Review:

Knob Creek Cask Strength Rye - 2018 Limited Edition

Classification: (Straight)* Rye

Company: Beam Suntory

Distillery: Jim Beam

Released: May 2018

Proof: 119.6

Age: NAS (Press materials indicate 9 years)

Mashbill: Undisclosed (Confirmed it shares the same mashbill as standard Knob Creek, which is believe to be at or just slightly above the legal minimum of 51% rye)

Color:  Deep Amber

MSRP: $70 (2018)

Official Website

Knob Creek Cask Strength Rye 2018 Limited Edition was named “Best Rye Whiskey” at the 2018 San Francisco World Spirits Competition and has been met with mostly glowing reviews. This release comes alongside a new ongoing Knob Creek Single Barrel Select program, thus representing a fairly robust expansion of the Knob Creek Rye portfolio in 2018.

 

*This is the first Limited Edition Rye released under the Knob Creek brand. While the label does not say “straight,” Beam Suntory has confirmed with us that it is. While it does not technically have an age statement, the press materials indicate it is 9 years old. This is further substantiated by the label indicating it was barreled in 2009, however whiskey is often set aside in steel tanks after it has been dumped to prevent further aging so that is not necessary proof of age in-and-of itself. A bottle count has not been publicly released.

 

Sweet vanilla and honey are enveloped in warming spices with a nice intensity. If I inhale just the right way, there’s a good amount of heat that digs its way into my nostrils making it even more pronounced. This makes for a rather bold yet still quite enjoyable aroma.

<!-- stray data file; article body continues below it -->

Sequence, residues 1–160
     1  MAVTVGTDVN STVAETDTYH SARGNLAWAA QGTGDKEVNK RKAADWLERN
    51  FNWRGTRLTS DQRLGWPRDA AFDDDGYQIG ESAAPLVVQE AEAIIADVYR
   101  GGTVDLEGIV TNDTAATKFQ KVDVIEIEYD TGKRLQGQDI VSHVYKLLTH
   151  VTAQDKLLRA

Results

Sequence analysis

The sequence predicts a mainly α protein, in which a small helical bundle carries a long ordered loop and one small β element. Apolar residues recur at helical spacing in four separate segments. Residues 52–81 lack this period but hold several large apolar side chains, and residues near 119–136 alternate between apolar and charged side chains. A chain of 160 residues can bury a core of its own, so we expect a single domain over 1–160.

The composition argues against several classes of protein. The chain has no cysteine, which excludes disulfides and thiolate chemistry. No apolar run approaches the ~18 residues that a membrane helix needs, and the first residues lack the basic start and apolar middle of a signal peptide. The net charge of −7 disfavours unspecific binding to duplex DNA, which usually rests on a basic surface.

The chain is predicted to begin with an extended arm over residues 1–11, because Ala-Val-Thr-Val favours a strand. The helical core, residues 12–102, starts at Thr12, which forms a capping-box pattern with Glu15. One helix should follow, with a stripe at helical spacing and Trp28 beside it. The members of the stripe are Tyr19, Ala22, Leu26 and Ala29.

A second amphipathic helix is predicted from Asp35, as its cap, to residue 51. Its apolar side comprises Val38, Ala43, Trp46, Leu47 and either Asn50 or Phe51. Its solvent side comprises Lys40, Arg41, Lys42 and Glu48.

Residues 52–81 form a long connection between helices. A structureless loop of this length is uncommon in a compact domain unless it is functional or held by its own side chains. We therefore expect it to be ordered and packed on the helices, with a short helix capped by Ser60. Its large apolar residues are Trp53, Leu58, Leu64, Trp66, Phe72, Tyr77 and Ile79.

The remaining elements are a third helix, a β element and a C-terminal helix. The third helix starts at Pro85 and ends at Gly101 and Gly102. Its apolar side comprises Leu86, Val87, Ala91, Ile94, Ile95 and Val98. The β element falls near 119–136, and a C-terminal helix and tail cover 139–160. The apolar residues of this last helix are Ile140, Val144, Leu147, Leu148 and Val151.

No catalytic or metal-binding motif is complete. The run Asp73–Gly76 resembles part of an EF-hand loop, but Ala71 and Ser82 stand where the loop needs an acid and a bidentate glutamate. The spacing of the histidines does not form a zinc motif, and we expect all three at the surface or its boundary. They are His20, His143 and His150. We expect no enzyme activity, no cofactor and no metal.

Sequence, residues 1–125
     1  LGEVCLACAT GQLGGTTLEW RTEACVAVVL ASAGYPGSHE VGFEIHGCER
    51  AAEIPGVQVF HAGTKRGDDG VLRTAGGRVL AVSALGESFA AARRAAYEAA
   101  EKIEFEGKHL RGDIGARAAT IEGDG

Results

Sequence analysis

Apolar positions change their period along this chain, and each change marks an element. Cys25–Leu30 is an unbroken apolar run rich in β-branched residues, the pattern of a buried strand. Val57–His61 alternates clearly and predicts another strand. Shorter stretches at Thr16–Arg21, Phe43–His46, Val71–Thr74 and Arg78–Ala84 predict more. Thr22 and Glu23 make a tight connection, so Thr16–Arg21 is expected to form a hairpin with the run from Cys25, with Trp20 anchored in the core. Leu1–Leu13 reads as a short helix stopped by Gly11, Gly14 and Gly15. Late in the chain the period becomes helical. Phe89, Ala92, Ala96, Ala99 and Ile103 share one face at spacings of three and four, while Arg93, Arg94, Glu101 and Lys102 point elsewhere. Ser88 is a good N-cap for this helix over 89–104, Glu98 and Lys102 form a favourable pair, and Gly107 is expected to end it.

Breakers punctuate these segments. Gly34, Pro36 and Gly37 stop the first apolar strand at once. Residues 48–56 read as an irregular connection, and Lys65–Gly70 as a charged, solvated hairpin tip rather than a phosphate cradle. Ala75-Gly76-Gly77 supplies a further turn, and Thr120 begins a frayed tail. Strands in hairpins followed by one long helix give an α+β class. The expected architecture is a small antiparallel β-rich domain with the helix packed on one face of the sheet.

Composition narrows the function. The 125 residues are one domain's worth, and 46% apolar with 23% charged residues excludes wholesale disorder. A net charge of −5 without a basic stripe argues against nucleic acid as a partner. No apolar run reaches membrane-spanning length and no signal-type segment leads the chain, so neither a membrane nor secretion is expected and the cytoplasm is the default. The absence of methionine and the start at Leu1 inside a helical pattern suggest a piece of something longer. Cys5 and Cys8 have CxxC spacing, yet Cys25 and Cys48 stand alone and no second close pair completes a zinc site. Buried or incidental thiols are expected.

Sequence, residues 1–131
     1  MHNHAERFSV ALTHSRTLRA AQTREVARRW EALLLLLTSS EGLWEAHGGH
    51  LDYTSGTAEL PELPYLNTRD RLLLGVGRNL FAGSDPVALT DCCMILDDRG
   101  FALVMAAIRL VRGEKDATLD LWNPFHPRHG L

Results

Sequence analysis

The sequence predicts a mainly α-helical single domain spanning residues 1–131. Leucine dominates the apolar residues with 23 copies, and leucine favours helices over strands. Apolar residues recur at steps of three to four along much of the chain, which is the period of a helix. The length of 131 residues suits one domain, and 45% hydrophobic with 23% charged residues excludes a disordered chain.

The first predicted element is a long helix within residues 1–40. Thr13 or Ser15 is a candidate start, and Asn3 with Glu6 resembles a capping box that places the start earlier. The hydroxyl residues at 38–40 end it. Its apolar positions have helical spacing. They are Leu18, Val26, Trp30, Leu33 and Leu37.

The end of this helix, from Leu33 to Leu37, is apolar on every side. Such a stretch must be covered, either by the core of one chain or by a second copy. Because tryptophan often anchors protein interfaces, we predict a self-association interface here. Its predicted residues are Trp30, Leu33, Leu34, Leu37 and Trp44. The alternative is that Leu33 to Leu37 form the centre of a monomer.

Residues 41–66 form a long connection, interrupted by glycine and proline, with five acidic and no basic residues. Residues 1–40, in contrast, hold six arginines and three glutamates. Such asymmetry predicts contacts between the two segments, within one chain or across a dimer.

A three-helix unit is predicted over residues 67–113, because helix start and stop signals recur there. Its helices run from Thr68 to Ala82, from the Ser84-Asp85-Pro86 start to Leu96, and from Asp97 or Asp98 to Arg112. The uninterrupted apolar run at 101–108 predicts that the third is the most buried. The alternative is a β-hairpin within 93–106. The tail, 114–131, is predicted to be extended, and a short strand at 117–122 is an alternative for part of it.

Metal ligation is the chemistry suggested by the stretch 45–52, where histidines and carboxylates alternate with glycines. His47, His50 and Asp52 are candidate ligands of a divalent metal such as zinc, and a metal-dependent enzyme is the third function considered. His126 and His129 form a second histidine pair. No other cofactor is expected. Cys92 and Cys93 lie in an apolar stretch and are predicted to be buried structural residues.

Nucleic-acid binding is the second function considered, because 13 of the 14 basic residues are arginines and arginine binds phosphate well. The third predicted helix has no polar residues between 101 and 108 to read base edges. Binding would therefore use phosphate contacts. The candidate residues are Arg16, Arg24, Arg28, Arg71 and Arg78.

Black pepper and baking spices upfront give way to sweeter flavors of brown sugar, honey, and vanilla. The higher proof is manageable and sweet flavors do well to counter the spicy pop providing balance. The mouthfeel is satisfying, but not unusually unique in any way.

 

It starts with a Kentucky hug, as the spicy heat fills the back of the throat and hits with a bold intensity reminding you it’s almost 120 proof. The intensity fades quickly, leaving baking spices and charred oak against brown sugar and honey. It lingers, ultimately ending on a good note.

 

It’s nice to see Knob Creek expanding the rye side of their lineup, as Knob Creek Rye has always been a rye I’ve enjoyed and one I’ve found most people tend to like as well. Because of its sweetness, my assumption is there is a lot of corn in the mashbill, and it this weren’t just a barely legal rye I would be surprised. The 2018 Limited Edition is the first Knob Creek Rye I’ve had that’s over 100 proof, as I have yet to try a Knob Creek Single Barrel Select Rye which clocks in at 115 proof (also released in 2018). At 9 years, the age is relatively high for a rye, which may contribute to some of its more subtle attributes, including the balance of spicy and sweet. It’s also unknown if Knob Creek will continue to release limited edition ryes (though I’d put money on it that they probably will), however this one will likely still be somewhat of a one-of-a-kind in its own right as future potential releases would likely be released at different ages and no doubt at least slightly different flavor profiles.

 

With that in mind, I can’t really say there is anything about the flavor profile that really or screams unique in any sense. Instead, I have to acknowledge its balance and overall drinkability, combined with the nice intensity brought forward at its proof point of around 120...which seems to be right about where I like Knob Creek products the best.